Last week I visited the Online Educa in Berlin. I’m sorry to say that I’m not a big fan. When you compare it to conferences like Learning Solutions and DevLearn it really comes out bad. In Berlin I met with Christopher Benz (he is in charge of online events of the ELearning guild) and we spoke about the differences of an eLearning guild conference (like Learning Solutions and DevLearn) and the online Educa. We decided that the biggest difference is that the guild is a community of learning professionals. People have virtual contact during all the time. Thus the conferences change into a meeting place of friends and colleagues, giving it a very different atmosphere. The other big difference are the key notes and sessions. All three key notes at the Learning Solution conference gave me a new insight or at least a new perspective; food for thought. The keynotes in Berlin didn’t have that at all; I heard nothing new or exiting.
I actually deleted my first draft of this post because it was just a boring complaint about lousy keynote speakers and bad sessions. I decided to write a new blog focusing on the positive sites. So here we go:
I wrote last week on the learning scenario session I attended, that was great. During the conference they worked on the scenarios and brought them together into quadrant with four scenarios. You can read about it at the learning scenarios website. There is food for thought there and you can take part in the further development of the scenarios, so please join.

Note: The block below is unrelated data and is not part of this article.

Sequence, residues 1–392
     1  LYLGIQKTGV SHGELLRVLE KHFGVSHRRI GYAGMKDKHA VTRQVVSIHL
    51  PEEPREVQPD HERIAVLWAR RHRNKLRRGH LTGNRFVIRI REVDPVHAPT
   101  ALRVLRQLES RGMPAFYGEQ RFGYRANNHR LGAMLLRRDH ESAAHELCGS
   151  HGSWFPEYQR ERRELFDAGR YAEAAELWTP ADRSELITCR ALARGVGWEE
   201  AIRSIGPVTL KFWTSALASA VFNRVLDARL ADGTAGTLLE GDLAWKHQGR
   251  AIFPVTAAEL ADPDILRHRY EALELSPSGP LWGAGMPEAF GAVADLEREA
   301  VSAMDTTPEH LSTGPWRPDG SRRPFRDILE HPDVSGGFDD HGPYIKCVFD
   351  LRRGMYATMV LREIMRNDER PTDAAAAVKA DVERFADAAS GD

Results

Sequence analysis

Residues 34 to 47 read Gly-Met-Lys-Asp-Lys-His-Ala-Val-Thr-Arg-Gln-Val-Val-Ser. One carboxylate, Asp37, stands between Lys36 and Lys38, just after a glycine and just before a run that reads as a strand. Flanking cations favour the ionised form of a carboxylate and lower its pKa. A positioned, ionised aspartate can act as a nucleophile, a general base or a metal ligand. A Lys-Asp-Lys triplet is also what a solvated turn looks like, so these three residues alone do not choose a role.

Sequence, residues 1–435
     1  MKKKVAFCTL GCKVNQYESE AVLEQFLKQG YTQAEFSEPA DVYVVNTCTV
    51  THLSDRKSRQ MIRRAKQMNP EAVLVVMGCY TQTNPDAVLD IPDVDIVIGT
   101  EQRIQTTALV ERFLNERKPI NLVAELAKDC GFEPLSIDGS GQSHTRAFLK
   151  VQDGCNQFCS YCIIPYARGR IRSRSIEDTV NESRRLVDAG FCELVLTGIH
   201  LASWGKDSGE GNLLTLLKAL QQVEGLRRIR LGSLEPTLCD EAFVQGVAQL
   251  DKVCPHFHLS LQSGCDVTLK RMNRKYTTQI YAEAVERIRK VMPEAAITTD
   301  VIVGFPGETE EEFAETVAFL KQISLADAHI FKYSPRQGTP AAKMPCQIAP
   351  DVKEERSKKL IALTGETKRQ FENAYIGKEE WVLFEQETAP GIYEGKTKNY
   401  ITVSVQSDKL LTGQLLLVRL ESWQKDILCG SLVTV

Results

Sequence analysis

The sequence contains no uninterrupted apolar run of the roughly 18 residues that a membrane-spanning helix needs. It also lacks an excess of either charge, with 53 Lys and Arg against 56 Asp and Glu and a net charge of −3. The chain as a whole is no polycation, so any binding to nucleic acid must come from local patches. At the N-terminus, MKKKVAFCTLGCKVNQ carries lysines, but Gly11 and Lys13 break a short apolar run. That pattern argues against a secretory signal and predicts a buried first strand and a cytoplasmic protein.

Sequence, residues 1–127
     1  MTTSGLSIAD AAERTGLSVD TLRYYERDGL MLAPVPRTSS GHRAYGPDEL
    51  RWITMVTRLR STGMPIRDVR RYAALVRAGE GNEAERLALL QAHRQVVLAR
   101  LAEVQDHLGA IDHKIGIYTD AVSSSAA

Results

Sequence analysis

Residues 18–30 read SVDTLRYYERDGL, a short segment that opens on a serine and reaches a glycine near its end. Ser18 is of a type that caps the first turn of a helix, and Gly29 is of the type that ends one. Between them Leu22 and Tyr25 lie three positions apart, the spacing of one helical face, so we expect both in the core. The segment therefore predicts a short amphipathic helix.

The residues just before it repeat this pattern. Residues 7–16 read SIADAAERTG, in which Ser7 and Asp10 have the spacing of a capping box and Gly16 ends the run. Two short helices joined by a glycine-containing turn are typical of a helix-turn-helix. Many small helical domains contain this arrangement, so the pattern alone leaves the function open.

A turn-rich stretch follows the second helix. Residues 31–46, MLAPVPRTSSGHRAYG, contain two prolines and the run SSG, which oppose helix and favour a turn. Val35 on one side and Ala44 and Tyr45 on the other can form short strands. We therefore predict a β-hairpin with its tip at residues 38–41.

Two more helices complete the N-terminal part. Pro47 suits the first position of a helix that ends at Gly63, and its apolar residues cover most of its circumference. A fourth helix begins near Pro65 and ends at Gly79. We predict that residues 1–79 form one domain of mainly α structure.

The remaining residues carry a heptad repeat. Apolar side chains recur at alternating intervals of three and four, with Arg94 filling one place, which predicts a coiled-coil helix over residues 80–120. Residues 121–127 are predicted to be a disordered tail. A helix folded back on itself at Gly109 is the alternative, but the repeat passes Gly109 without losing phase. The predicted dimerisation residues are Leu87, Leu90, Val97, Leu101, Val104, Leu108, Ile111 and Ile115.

Example of a learning map, taken from IADIS proceedings from presentation by Schock, Bargel, Roller and Rauner.
The most exiting thing for me was the discovery of ‘learning maps’. I’m looking for a new metaphor for e-Learning, one that can replace the old book metaphor. We were thinking of mind maps but some people from the University of Karlsruhe and The Fraunhofer institute came up with ‘learning maps’. They use maps with roads, houses, villages, hills and more to represent e-Learning content, they have developed a didactical framework to support this. I love this idea it gives a whole new perspective on learning content using well-known paradigms from geographical maps. The only thing I don’t like about this idea is that I haven’t thought of it myself. And I have a history in mapping and routing services, I was the CEO of Locatienet/Routenet a Dutch web service like Google earth (only earlier and on a smaller scale). This idea really got me exited, we will explore this further, but I can envision what this can do for e-Learning.
I’m afraid that the other positive elements of the week are limited to the people I spoke and the great city of Berlin. The interesting discussions and some really great dinners made this week worthwhile. It is always great to walk underneath the Brandenburger Tor and see the great avenue ‘Unter den Linden’. Conclusion: mediocre conference, great city.
I’m already of to a new adventure. I’m now in the Ukraine with our development team, working on next years road map for easygenerator. I’m really looking forward to this week.